Bottom Line: The Kyoto Protocol introduced international emissions trading (IET) to accelerate the reduction of carbon dioxide (CO2) emissions.I evaluated the demand-side and supply-side bargaining power (DBP and SBP) using Shapley value, and obtained the following results: (1) Permit price is given by the product of the buyer's willingness-to-pay and the SBP (= 1 - DBP). (2) The DBP is greater than or equal to the SBP.These results indicate that buyers can suppress permit price to low levels through bargaining.

View Article: PubMed Central - PubMed

Affiliation: Center for Social and Environmental Systems Research, National Institute for Environmental Studies, Tsukuba, Ibaraki, Japan.

ABSTRACT
Rapid reduction of anthropogenic greenhouse gas emissions is required to mitigate disastrous impacts of climate change. The Kyoto Protocol introduced international emissions trading (IET) to accelerate the reduction of carbon dioxide (CO2) emissions. The IET controls CO2 emissions through the allocation of marketable emission permits to sovereign countries. The costs for acquiring additional permits provide buyers with an incentive to reduce their CO2 emissions. However, permit price has declined to a low level during the first commitment period (CP1). The downward trend in permit price is attributed to deficiencies of the Kyoto Protocol: weak compliance enforcement, the generous allocation of permits to transition economies (hot air), and the withdrawal of the US. These deficiencies created a buyer's market dominated by price-making buyers. In this paper, I develop a coalitional game of the IET, and demonstrate that permit buyers have dominant bargaining power. In my model, called cooperative emissions trading (CET) game, a buyer purchases permits from sellers only if the buyer forms a coalition with the sellers. Permit price is determined by bargaining among the coalition members. I evaluated the demand-side and supply-side bargaining power (DBP and SBP) using Shapley value, and obtained the following results: (1) Permit price is given by the product of the buyer's willingness-to-pay and the SBP (= 1 - DBP). (2) The DBP is greater than or equal to the SBP. These results indicate that buyers can suppress permit price to low levels through bargaining. The deficiencies of the Kyoto Protocol enhance the DBP, and contribute to the demand-side dominance in the international permit market.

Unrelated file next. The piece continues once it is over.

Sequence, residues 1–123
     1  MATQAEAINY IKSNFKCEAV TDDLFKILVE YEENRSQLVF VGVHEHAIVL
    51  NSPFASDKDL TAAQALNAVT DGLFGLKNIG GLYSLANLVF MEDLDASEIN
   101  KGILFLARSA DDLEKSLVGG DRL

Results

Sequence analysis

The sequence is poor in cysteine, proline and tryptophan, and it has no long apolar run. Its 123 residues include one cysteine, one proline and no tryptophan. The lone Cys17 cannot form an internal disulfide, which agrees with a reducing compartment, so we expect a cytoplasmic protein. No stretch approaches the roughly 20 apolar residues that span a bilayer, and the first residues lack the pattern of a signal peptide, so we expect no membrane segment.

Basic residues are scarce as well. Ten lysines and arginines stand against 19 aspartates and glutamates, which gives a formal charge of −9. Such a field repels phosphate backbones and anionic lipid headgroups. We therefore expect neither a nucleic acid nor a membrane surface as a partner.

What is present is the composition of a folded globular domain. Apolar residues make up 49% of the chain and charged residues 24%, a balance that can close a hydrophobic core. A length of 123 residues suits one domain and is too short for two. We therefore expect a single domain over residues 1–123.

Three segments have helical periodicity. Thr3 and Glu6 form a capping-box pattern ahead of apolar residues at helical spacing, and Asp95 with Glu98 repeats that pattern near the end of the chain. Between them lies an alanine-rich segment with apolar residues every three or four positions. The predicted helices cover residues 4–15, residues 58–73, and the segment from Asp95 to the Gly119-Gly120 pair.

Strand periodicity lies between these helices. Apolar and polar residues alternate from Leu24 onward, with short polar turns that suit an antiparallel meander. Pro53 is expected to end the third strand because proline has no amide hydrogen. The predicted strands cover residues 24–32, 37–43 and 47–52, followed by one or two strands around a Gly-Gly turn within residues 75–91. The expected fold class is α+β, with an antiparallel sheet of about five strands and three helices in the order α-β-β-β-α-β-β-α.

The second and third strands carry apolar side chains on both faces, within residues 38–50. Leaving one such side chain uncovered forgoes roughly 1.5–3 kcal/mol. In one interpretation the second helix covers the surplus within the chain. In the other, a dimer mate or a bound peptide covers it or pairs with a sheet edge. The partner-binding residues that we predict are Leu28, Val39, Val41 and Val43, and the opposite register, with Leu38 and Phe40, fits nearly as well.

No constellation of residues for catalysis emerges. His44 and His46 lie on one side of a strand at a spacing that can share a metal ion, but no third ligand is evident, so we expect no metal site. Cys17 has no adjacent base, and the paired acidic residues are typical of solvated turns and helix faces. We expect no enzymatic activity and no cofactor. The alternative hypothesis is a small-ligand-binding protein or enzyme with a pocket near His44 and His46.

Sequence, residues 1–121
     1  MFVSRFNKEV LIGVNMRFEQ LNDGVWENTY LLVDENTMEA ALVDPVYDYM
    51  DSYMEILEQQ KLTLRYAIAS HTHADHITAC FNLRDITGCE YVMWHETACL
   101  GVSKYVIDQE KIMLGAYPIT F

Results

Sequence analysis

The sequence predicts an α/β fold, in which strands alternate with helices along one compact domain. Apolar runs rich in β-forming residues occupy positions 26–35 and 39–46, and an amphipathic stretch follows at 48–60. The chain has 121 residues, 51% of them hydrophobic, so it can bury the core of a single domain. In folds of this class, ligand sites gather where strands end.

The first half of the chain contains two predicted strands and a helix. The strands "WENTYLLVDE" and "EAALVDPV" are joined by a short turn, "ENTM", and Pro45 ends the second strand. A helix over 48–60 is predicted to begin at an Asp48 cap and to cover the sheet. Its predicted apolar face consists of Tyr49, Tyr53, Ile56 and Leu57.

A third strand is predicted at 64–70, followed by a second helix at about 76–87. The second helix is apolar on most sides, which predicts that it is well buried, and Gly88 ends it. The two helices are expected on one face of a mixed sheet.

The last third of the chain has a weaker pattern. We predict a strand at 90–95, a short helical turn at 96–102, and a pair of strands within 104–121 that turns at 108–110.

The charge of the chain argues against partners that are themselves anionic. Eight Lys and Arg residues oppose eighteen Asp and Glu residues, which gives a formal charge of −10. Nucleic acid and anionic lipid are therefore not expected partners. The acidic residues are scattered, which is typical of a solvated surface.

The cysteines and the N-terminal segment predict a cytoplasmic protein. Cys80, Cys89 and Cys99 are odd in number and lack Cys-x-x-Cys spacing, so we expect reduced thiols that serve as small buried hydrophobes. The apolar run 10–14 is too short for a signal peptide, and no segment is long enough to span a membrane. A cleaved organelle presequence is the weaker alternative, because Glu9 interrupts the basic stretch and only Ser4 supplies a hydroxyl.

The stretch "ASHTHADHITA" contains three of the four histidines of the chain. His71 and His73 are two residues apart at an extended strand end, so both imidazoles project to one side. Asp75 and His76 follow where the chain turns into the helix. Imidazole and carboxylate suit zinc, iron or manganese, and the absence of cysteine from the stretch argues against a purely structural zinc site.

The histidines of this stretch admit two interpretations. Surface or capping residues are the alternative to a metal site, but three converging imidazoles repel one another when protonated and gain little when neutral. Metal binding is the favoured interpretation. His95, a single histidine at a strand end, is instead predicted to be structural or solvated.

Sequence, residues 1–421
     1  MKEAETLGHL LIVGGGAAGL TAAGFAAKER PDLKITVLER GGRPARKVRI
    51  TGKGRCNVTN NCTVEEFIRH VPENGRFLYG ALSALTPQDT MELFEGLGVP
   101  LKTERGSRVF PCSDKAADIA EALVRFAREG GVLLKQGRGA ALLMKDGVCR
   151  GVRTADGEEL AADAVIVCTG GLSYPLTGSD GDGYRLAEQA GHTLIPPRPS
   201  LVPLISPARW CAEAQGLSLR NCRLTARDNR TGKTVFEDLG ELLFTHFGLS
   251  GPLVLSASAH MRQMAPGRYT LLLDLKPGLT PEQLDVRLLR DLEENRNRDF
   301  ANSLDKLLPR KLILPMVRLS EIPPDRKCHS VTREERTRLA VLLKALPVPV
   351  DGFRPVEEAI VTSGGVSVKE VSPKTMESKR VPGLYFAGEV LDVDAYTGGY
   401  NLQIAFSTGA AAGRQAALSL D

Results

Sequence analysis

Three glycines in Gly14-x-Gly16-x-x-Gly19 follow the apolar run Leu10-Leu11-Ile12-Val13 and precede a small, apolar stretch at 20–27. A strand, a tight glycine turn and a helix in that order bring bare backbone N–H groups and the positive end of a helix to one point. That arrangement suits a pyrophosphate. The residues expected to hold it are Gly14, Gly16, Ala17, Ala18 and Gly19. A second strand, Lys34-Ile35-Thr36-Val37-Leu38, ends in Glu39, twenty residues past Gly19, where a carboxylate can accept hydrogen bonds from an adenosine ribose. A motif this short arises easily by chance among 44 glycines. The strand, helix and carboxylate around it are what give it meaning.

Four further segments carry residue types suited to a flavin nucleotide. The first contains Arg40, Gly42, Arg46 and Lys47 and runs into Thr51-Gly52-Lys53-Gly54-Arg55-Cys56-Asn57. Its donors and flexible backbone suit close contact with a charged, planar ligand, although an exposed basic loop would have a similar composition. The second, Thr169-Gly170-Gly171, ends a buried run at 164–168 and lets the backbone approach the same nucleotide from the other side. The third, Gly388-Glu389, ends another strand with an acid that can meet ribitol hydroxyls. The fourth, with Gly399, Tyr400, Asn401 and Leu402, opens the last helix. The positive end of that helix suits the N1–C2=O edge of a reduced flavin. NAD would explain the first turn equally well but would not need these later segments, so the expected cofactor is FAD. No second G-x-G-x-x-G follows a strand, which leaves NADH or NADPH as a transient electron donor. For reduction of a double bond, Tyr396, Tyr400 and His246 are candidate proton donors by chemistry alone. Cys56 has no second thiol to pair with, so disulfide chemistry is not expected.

No MeSH data available.